Slumdog Millionaire

After last year's Sunshine, Danny Boyle gets back to doing what he does best: grimy fairy tales that put his heroes through hell and his audience through the wringer. Who wants to be a millionaire? Everyone, but the grown-up orphan at the center of Slumdog deserves it more than most. His story, told in feverish flashback, answers the questions put before him by the cruelest game-show host this side of Howie Mandel. After the recent terrorist-inflicted violence in Mumbai, an extra layer of anguish now shrouds every scene. — Robert Wilonsky

Still Life

The world's oldest civilization is also the world's newest, which is why Jia Zhang-Ke, pre-eminent cine-chronicler of contemporary China, seems the most contemporary narrative filmmaker on Earth. Predicated on a sense of everyday social flux, this feature broods like a cloud over Fengjie, the ancient river city largely flooded and partly rebuilt as part of the Three Gorges Dam project. Still Life vibrates with traces of human presence — deserted construction sites; shabby, cluttered rooms; eerily half-demolished (or half-built) neighborhoods; moldering factory works. Everything is despoiled and yet — as rendered in rich, crisp HD images — everything is beautiful. — J. Hoberman

Synecdoche, New York

In interviews, Charlie Kaufman has floated the idea of building a scale-model Las Vegas in Las Vegas, which would entail building a scale-model scale-model Las Vegas and, within it — well, you get the picture. That's probably the easiest way to describe Kaufman's dizzily ambitious directorial debut, a nonmusical All That Jazz devoted to a terminal case (Philip Seymour Hoffman) riddled with the affliction of the age: impermeable layers of self-awareness, surveillance and scrutiny that filter the living out of life. There's much in it that I neither understand completely nor love, yet if any film resists the demotion of movies to one-time consumables, it's this one: a puzzle box that starts to unfold only after you open it.  — Jim Ridley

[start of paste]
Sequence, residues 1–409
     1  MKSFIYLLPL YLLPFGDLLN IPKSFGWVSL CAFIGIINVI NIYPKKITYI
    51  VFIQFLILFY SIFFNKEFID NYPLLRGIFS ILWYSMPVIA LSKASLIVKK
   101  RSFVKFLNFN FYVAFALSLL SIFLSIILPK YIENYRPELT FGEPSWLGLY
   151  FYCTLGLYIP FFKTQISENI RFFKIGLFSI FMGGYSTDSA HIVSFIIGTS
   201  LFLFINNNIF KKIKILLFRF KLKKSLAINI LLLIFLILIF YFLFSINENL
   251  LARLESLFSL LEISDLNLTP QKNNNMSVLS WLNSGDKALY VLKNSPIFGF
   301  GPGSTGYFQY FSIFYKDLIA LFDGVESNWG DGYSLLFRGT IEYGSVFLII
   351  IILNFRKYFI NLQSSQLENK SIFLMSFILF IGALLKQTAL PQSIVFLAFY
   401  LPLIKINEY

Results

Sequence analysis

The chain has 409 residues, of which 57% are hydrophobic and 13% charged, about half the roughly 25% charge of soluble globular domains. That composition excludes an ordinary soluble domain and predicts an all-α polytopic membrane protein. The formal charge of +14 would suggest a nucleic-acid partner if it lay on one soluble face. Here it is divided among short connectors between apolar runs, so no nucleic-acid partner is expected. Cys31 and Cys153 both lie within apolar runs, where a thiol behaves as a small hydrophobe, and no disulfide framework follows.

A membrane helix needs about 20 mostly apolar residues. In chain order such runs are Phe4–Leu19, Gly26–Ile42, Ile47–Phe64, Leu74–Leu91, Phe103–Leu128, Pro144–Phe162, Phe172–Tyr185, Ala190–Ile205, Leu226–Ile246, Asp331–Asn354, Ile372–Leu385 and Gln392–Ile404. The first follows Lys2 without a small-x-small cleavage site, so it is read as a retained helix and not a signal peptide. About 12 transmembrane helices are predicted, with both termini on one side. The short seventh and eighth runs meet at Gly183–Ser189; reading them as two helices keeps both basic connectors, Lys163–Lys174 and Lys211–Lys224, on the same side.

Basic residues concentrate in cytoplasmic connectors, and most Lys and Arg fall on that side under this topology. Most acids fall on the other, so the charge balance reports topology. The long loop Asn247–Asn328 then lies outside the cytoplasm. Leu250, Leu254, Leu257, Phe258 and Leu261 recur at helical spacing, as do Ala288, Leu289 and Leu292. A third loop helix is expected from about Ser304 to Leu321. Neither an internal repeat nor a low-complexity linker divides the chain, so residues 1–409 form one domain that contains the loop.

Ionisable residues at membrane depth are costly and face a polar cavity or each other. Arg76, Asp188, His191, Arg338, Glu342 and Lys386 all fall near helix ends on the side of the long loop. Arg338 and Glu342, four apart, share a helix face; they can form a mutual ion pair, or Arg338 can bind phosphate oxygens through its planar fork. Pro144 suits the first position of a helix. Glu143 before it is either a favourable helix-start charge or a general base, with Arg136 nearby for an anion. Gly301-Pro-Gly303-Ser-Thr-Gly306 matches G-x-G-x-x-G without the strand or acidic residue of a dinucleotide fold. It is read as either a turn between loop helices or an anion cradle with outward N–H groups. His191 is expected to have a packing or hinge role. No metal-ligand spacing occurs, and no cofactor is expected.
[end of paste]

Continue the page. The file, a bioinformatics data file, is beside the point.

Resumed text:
Wall-E

The most human film of the year features two robots whose courtship takes place among the ruins of a planet destroyed by the greedy, spoiled humans who abandoned their apocalyptic trash heap. Everything about Wall-E is sumptuous and warm and wise. No movie in 2008 soared more than this animated wonder. Its luminescence will linger for generations — or until science fiction becomes sad fact. — Robert Wilonsky

Waltz With Bashir

If Israeli filmmaker Ari Folman had simply edited his own memories of the 1982 Sabra-Shatila massacre in Lebanon (and those of former comrades in the Israel Defense Forces) into a talking-heads doc, he would have gotten a few respectful nods from critics and a brief tour of the marginal film-festival circuit. Instead, he and his creative team animated the soldiers' testimonies into a vintage graphic novel, creating a surreal record of recovered memory, whose deceptive emotional flatness amps up the terror of bearing witness to the murder of helpless Palestinians by Christian Phalangists. Waltz With Bashir is a giant anxiety attack of singular beauty and sorrow that also shatters the Israeli myth of invincible Israeli masculinity. — Ella Taylor

Wendy and Lucy

Old Joy director Kelly Reichardt's simple yet deeply felt road movie about a rudderless drifter (the excellent Michelle Williams) and her canine companion offered a lovely minimalist riposte to the year-end movie season's many overblown acts of cinema maximus (see Australia, The Curious Case of Benjamin Button, et al.). It was also, along with Clint Eastwood's Gran Torino, one of a small number of American movies devoted to a real, recognizable United States, a place broken down by disappointments and yet suffused with possibility. — Scott Foundas